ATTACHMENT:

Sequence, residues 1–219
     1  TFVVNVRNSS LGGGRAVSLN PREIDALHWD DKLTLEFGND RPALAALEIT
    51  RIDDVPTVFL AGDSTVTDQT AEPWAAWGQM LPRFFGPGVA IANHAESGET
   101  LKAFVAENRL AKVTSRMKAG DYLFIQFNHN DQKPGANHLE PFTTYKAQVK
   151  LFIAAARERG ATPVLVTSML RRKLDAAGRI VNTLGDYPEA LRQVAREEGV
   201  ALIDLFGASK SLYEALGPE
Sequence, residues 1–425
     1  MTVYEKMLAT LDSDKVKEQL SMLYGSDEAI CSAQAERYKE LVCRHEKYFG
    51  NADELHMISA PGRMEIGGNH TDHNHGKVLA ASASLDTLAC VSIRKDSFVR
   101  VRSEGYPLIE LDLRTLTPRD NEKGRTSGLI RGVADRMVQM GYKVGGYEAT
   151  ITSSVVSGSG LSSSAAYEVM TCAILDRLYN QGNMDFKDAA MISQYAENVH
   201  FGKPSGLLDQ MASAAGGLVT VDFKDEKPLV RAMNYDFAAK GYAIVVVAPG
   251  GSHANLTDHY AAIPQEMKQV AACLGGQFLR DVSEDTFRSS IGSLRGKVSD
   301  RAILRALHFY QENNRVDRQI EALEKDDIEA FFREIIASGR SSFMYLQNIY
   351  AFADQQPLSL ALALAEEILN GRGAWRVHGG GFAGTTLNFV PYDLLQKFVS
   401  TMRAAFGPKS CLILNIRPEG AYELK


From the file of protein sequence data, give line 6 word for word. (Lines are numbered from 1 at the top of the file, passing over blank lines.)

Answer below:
   201  ALIDLFGASK SLYEALGPE